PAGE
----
First, how did you ask your daughter (let’s call her Daisy) to close the door? If it was fraught with high emotion (which is understandable but could have sent the wrong message), then perhaps you could start by explaining boundaries and how, sometimes, emotions like embarrassment or worry may send the wrong message of anger. You could also mention how the boundaries were not established simply by your forgetting to lock the door. In other words, not her fault at all. And, in truth, not yours either…just one of those things that happen and a perfect example of how daily life can lead to daily mistakes (if one can even call it that).

This could segue into how the very best of intentions (not wanting to scare her or make her feel rejected and yet wanting to preserve your privacy) can lead to misunderstanding.

Then, you could further segue into sharing that you were making love, which is the way people who care for each other very deeply sometimes express themselves.

The rest of your conversation depends on whether she asks any questions and/or expresses any feelings. Personally, I think it is better not to ask her any questions, as in, “Do you know what Mommy and Daddy were doing in the bedroom?” which may sound more like a “test” than a conversation to make her feel comfortable.

Sometimes, a physical expression of love, when words are unnecessary, can show love, respect, and yes, passion much more deeply and convincingly than (mere) “words (of affirmation).” Now might also be a good time to talk about how such relationships – where one chooses to express oneself not merely by words or by spending time together – are usually super special, and you hope that, should she discover someone (or several ones/twos/threes) that she may want to express herself this way, she can talk to you about it.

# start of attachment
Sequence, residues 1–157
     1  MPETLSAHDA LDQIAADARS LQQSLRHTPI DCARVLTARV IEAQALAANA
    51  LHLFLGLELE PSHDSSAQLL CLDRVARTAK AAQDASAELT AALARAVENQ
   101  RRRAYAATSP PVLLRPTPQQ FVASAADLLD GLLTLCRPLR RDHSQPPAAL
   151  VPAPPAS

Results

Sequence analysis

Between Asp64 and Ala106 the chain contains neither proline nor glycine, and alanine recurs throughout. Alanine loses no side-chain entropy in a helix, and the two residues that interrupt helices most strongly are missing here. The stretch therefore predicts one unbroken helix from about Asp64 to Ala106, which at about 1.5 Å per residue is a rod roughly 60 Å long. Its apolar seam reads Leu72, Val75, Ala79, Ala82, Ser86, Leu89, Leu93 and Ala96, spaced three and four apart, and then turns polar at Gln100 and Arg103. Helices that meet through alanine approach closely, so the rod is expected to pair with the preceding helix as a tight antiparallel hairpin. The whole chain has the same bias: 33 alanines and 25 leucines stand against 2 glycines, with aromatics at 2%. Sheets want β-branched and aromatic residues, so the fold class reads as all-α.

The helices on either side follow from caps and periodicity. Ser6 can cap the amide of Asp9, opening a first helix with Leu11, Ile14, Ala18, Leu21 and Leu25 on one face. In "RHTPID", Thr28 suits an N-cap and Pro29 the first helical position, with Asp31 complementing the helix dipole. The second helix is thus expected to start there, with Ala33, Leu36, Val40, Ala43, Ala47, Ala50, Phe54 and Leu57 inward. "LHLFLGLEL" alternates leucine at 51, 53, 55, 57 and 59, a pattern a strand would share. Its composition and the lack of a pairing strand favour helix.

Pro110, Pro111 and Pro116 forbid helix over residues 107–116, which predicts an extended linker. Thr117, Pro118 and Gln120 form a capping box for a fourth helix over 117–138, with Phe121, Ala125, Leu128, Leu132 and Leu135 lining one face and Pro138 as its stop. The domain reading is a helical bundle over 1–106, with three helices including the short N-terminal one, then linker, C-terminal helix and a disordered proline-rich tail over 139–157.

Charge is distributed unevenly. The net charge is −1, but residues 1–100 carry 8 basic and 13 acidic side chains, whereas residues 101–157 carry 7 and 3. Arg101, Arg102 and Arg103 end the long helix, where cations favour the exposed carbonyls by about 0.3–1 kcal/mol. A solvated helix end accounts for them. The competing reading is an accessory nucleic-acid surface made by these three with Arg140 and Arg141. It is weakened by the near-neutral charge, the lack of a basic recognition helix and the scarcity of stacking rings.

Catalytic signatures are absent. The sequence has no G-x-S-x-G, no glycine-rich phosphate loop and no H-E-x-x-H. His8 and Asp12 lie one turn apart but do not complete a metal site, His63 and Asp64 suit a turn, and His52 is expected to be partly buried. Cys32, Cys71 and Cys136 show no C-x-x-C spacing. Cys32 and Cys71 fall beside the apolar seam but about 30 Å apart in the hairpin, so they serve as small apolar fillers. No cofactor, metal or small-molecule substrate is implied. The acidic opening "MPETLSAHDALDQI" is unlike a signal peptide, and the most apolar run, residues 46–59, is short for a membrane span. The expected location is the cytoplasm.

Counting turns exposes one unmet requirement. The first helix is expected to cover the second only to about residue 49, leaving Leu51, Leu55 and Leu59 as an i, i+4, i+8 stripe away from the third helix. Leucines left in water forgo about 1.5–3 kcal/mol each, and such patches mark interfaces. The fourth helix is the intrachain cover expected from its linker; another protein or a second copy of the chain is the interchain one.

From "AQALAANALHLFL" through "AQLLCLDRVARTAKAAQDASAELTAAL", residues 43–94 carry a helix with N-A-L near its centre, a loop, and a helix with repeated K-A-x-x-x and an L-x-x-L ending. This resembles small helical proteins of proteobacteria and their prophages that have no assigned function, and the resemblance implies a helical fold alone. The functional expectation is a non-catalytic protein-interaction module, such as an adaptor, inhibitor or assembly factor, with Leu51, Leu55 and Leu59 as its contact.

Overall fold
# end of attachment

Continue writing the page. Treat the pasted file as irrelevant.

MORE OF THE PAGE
Personally, too, I think it is better to limit yourself to how people can sometimes show their love for each other physically. Save the talk about wanting to have another baby for later. Two powerful messages (what you just saw and what it really means in terms of our relationship, and how making love can also lead to a pregnancy) can be too much to take in at one time. So, maybe talk about baby-making at some other time, in connection with how she might feel if she had a sibling, for example.

Later (or maybe even now – depending, as Mr. Baer said, on how “advanced” she is in her knowledge and experience) you can talk about what she should guard herself against when she starts having sex: not getting pregnant if she doesn’t want to, protecting herself from STDs, and also protecting herself from harmful people. I hope this will be the start of many talks among the three of you. I think it is wonderful that all three of you are involved in this endeavor, rather than simply leaving it to your wife, which tons of research shows is what usually happens.

The fact is, whether your daughter has learned about sex from her peers, social media, or even pornography, she still learns a lot from you. Hopefully, she learns about healthy relationships not just between you (husband) and spouse (wifey) but also within a thriving, functional family. What better way to learn about life and sex than 24/7 among people you love and trust?

A mantra among family therapists is “Emotions are caught, not taught.” Whatever you say about sex, love, and healthy relationships will not have as powerful an impact as the way you love and respect each family member. This way, a child learns practically by osmosis, painlessly (but also painfully, should said child grow up in a dysfunctional family).

I hope this will be the start (or continuation) of many talks among all three of you. A short, easy read that might be helpful is “Talking with Your Teens about Sex.

Good luck!

MG Holmes